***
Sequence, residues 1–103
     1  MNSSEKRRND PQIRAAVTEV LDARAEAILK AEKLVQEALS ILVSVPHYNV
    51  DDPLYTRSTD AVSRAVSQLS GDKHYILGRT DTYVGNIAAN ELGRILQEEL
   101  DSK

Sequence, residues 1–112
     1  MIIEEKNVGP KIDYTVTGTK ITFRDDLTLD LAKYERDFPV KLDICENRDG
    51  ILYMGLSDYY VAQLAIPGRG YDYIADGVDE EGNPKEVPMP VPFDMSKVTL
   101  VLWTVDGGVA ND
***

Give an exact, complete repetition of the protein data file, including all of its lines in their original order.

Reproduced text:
Sequence, residues 1–103
     1  MNSSEKRRND PQIRAAVTEV LDARAEAILK AEKLVQEALS ILVSVPHYNV
    51  DDPLYTRSTD AVSRAVSQLS GDKHYILGRT DTYVGNIAAN ELGRILQEEL
   101  DSK

Sequence, residues 1–112
     1  MIIEEKNVGP KIDYTVTGTK ITFRDDLTLD LAKYERDFPV KLDICENRDG
    51  ILYMGLSDYY VAQLAIPGRG YDYIADGVDE EGNPKEVPMP VPFDMSKVTL
   101  VLWTVDGGVA ND